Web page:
David Bowie, the unreleased songs from the “Rock 'n' Roll Star!” box  (part 1)

David Bowie, in the box “Rock’n’roll star!” there are not only CDs…

The exploration of David Bowie’s wide and varied production continues methodically and with good results. The format and dimensions of the boxes published so far give the idea of ​​an organic project – with the exception of “The width of a circle”, a double CD which contains unreleased demos and alternative versions from the era around 1970. I’m talking about “Conversation piece”, released in 2019 and centered on the “Space Odity” period; and “Divine Symmetry”, released in 2022, which explores the chronological area around “Hunky Dory” (which, apart from some graphic discrepancies – the orientation of the writing on the back of the box – could well appear on a shelf following the other; it would be desirable to review the box on “Station to Station”, to approve that too).

For Bowie enthusiasts and completionists there has been no lack of satisfaction so far. It should be considered that recording operations like these, which are complicated to carry out and expensive to purchase, take on value not only thanks to the strictly musical content (which is, inevitably, of discontinuous quality, although it allows us to know what is left – by choice of the artist, or for technical reasons, or due to temporary unavailability or unavailability of the songs contained – outside the official albums published during his lifetime).

We have provided a very detailed report in recent days of the music, and in particular of the unreleased songs, contained in “Rock’n’roll star”, the box released last week, which you can purchase here (we wrote about it here, here and here ), while here you can find the complete tracklist.

We have not said so far, nor could we have done so since we did not yet have the “physical” version of the box set, packaging and extra-musical contents in our hands. Which, even in “Rock’n’roll star!”, are one of the good reasons that justify the expense of the purchase. In fact, the box contains a paper book and notebook, which for fans (and scholars of Bowie’s music) are – when their quality is valuable, as in this case – an excellent reason to take the box home.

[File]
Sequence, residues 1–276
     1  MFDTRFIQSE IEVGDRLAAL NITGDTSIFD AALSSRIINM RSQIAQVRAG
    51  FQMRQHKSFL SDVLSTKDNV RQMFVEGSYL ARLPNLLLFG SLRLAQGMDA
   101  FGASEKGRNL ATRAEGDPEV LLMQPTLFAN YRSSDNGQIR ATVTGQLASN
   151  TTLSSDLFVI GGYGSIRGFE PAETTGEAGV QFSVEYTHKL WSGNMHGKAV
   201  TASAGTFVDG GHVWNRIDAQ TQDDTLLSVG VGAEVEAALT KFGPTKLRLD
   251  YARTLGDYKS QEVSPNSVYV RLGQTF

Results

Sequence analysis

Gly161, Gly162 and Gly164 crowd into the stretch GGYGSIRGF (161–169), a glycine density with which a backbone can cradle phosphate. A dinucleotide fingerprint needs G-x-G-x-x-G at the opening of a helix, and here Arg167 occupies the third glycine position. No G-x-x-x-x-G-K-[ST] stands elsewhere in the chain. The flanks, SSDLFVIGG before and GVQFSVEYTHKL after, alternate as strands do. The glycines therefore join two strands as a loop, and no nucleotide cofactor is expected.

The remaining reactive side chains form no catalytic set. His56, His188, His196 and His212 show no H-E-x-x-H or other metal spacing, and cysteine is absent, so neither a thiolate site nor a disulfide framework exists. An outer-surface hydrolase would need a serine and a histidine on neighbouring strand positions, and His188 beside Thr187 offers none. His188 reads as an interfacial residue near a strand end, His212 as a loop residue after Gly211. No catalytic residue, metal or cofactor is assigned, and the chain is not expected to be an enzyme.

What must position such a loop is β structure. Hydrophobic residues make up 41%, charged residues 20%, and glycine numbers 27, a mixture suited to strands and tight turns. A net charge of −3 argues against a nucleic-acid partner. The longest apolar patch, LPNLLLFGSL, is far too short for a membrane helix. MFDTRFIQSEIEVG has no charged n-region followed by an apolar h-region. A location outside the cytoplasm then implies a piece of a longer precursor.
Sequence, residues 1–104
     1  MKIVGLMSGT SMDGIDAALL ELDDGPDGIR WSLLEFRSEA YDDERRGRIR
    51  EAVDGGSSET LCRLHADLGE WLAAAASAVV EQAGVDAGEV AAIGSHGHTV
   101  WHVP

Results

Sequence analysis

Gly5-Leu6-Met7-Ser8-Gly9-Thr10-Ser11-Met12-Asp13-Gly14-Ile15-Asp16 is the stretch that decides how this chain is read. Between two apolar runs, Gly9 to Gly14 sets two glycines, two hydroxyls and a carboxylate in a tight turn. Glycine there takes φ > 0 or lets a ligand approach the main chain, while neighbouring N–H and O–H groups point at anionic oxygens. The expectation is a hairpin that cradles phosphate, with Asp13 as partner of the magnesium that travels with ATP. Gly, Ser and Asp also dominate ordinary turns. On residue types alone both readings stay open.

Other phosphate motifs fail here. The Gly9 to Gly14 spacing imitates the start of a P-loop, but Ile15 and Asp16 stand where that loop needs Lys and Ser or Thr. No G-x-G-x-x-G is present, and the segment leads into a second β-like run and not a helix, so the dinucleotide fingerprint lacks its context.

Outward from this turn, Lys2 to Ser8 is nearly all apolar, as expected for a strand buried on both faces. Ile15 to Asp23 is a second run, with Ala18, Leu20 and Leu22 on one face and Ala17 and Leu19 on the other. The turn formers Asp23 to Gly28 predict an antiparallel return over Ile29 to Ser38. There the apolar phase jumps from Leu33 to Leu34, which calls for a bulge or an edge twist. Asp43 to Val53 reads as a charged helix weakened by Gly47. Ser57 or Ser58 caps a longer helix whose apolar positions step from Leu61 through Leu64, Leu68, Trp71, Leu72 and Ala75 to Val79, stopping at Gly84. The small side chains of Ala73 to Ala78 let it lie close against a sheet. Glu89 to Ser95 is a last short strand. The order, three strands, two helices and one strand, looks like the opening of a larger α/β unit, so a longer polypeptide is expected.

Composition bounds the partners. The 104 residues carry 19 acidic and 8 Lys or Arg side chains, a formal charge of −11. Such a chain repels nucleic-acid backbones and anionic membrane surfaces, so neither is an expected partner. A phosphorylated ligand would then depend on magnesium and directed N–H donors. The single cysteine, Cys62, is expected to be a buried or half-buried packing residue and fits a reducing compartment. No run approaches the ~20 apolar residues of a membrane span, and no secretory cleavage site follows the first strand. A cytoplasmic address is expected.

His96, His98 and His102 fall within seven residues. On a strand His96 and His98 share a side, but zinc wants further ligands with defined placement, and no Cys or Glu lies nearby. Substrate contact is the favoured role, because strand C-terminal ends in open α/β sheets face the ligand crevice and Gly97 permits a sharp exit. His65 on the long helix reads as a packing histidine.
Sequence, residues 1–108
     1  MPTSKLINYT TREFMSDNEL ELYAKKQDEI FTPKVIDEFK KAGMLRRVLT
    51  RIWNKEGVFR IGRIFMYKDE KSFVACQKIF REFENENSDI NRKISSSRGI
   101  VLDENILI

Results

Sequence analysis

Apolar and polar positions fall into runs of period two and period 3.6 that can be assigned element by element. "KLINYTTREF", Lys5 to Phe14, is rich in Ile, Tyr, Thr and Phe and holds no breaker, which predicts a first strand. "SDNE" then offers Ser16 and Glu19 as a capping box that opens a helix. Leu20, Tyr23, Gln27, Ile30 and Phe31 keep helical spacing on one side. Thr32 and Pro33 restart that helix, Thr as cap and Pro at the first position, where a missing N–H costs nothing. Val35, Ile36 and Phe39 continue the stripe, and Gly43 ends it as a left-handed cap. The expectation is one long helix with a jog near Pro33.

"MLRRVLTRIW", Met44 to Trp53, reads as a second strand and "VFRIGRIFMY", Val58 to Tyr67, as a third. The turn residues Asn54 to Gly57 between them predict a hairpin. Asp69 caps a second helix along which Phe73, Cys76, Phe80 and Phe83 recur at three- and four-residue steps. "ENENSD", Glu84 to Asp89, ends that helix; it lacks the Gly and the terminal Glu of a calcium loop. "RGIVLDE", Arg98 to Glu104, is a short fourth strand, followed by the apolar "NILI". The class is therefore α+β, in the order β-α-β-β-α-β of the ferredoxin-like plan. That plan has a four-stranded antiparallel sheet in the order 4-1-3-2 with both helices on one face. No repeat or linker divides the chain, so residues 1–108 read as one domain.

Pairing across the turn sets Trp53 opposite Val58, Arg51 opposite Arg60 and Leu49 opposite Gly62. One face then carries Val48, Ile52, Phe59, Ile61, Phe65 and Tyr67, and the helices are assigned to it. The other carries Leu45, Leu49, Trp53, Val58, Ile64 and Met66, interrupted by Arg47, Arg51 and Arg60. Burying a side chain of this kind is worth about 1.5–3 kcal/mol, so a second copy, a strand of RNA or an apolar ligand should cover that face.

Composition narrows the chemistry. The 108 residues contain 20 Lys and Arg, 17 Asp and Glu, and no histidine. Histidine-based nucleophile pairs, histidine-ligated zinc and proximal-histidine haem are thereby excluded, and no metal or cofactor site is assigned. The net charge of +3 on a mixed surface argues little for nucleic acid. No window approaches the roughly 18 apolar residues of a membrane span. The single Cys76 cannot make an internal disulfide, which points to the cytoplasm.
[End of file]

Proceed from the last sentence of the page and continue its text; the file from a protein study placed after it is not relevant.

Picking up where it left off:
Let’s start with the notebook, which – as in a similar object included in “Divine symmetry” – photographically reproduces Bowie’s notes, sketches and autograph notes in its 36 pages, and is an authentic treasure trove of discoveries, given that it testifies to the evolution of the titles , the tracklist, the setlists and the lyrics of the songs.

The book, 112 color pages, in whose hard cover the six CDs with cardboard covers are inserted, offers for its part a vast selection of images and texts: memorabilia, liner notes, information on the individual CD tracks, reviews and articles from the era, as well as unpublished or little-seen photographs of Barrie Wentzel, Michael Putland, Mick Rock, Sukita and Alec Byrne (two are included in this article), as well as new analyzes and interviews with co-producer Ken Scott (at the end of the article an interview with him in three parts), the sound engineer Mark Carr Pritchett (who passed away on June 12th) and with Anya Wilson.

This is a lesser-known name: but Wilson met Bowie when she worked as a radio and television promoter for GEM music publishers. She began working with him (and at the same time with Marc Bolan) on “Memory of a free festival” and “Holy Holy”, and then became a frequent visitor to the Haddon Hall house, witnessing the birth of the project “Ziggy Stardust and the Spiders from Mars “; it was she who got Bowie the crucial TV appearance with “Starman” on “Top of the Pops” on 6 July 1972 (Anya also managed the artist’s fan club).

Many hours of listening and many hours of reading: this is what the “Rock’n’roll star!” box offers.